June 14th is Flag Day, the day celebrating the adoption of the U.S. Flag in 1777 by the Second Continental Congress. It was officially established in 1914 via a proclamation by President Woodrow Wilson and was reaffirmed by an Act of Congress in 1949.
Flag Day isn’t an official federal holiday, but it is a state holiday in Pennsylvania (the only state to recognize Flag Day as a holiday).
Today we’re honoring an important women to the Homefront Heroines crew.
March 8th is the birthday of the woman who inspired the Homefront Heroines project. Mary Marovich was born in Chicago on March 8th 1921. She enlisted in the WAVES in 1943 and after boot camp at Hunter College she became a Pharmacist’s Mate based at Treasure Island in San Francisco.
Mary worked as a telephone operator in Chicago before enlisting in the Navy. She followed six of her brothers into the service – four were with the Army, and two were first class petty officers in the Coast Guard (her younger brother would serve in the military in the Korean War).
Mary said before enlisting:
I’d really like to wear a six star pin (to honor her brothers), but I can’t find a story that sell them!
Mary married James Warren Ryan, an Army Air Corps pilot, while she was in the service. She left in 1945 after V-J Day and died in 1992.
When I read today about the USS Gabrielle Giffords being commissioned, I wondered how many Navy ships actually had been named after women. I know that naming civilian ships after women is common, but Navy vessels seem to have a different nomenclature (I think of all the World War II-era ships named after states, for instance).
So the history buff in me began looking at Navy history.
While there had been a handful of female-named military ships prior to the Civil War, it was the Harriet Lane to become the first armed ship in the U.S. Navy named after a woman. The steamer was named after President James Buchanan’s niece, and was first launched in 1857. She was captured by Confederate forces in 1863 in Texas.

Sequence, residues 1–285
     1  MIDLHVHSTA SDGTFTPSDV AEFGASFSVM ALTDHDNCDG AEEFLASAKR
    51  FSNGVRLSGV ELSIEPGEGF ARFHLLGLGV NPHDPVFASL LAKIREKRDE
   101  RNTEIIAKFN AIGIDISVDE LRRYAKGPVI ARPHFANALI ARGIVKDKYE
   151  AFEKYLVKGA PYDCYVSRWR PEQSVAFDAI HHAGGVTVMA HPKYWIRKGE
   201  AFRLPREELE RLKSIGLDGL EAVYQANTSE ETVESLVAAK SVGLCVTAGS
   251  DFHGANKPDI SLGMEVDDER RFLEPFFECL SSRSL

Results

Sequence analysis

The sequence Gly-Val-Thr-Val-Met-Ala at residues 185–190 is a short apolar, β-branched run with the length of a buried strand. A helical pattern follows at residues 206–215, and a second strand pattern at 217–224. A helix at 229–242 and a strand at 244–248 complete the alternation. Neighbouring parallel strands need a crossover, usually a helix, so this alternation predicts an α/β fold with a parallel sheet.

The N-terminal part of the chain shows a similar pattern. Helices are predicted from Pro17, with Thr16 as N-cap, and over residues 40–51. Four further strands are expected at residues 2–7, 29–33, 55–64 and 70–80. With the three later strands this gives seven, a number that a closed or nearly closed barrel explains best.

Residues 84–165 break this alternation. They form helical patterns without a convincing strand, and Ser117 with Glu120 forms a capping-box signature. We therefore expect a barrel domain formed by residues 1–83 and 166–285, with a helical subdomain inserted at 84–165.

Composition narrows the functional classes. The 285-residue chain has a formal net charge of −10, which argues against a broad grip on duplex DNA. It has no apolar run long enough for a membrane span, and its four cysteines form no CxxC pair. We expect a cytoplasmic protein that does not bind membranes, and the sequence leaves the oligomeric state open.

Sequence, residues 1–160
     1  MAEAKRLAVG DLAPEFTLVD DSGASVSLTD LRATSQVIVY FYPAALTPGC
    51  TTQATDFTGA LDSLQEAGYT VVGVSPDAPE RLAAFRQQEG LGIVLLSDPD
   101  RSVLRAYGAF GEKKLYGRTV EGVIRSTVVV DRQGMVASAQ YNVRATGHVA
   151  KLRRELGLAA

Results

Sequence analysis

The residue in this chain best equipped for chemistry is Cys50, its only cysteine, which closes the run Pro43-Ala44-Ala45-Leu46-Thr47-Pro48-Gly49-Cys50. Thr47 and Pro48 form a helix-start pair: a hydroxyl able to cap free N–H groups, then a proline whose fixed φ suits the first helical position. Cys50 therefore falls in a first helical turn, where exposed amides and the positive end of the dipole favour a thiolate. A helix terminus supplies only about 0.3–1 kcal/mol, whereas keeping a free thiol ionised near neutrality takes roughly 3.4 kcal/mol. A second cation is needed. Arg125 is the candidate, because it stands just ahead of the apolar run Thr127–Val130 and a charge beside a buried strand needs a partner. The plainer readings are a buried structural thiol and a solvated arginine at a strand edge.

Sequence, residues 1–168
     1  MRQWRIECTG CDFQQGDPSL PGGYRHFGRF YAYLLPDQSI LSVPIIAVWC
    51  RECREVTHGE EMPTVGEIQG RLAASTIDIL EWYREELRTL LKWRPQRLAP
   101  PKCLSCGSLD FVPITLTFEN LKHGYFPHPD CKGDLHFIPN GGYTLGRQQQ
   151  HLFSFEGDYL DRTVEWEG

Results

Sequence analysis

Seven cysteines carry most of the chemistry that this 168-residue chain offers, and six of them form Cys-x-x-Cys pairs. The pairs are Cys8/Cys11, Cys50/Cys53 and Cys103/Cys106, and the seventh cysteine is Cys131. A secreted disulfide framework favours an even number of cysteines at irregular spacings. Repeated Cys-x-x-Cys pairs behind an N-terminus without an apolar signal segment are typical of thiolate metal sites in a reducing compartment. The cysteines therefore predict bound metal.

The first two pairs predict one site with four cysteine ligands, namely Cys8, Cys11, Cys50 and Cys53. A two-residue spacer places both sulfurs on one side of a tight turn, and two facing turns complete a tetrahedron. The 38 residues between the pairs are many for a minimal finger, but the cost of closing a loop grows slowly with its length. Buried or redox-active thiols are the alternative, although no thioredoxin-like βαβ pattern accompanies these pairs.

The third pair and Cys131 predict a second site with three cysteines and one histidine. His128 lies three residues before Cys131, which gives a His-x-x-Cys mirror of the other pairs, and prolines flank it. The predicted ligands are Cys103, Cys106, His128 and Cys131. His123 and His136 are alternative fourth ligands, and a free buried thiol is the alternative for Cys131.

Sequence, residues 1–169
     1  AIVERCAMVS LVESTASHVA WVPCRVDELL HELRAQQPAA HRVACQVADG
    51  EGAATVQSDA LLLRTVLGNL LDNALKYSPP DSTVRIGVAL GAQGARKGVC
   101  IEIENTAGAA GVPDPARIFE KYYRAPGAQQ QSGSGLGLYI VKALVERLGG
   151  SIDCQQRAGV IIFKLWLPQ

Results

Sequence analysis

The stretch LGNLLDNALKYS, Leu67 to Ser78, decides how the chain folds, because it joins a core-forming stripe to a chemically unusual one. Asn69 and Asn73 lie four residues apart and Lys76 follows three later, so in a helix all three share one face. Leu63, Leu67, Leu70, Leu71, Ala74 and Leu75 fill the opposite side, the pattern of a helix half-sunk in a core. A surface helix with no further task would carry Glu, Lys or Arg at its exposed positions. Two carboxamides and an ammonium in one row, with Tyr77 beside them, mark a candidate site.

The Navy had five transport ships during World War II, all named after women: the USS Dorothea L. Dix, the USS Elizabeth C. Stanton, the USS Florence Nightengale, the USS Lyon (named for Mary Lyon) and the USS Susan B. Anthony. There were also several harbor tugs active during the war named after Native American women: the USS Pocahontas, the USS Sacagawea, and the USS Watseka.
But it was the USS Higbee that really caught my attention. The Gearing-class destroyer was named for Lenah S. Higbee, superintendent of the Navy Nurse Corps fro 1911-1922. The ship was the first combat vessel commissioned for a woman who had served in the Navy. She was commissioned in 1945, served in three wars, and was decommissioned in 1979. A newly-ordered ship, the USS Lenah H. Sutcliffe Higbee, will be a Arleigh-Burke class destroyer.
In 1996, the Navy paid tribute to another of its female enlistees. The USS Hopper is named for former WAVE and computer genius Grace Murray Hopper, who remained in the Navy after World War II and helped lead it into the digital age.
Another ordered ship will pay tribute to astronaut Sally Ride.
The Giffords isn’t the only current ship named after a politician. The USS Roosevelt, a destroyed launched in 1999, is named after both former President Franklin Roosevelt and former First Lady Eleanor Roosevelt.
WAVE Susan Ahn Cuddy was a trailblazer during her years in the Navy. The first Korean American WAVE, and first Korean American WAVE officer, she worked as a gunnery instructor before moving into Naval Intelligence.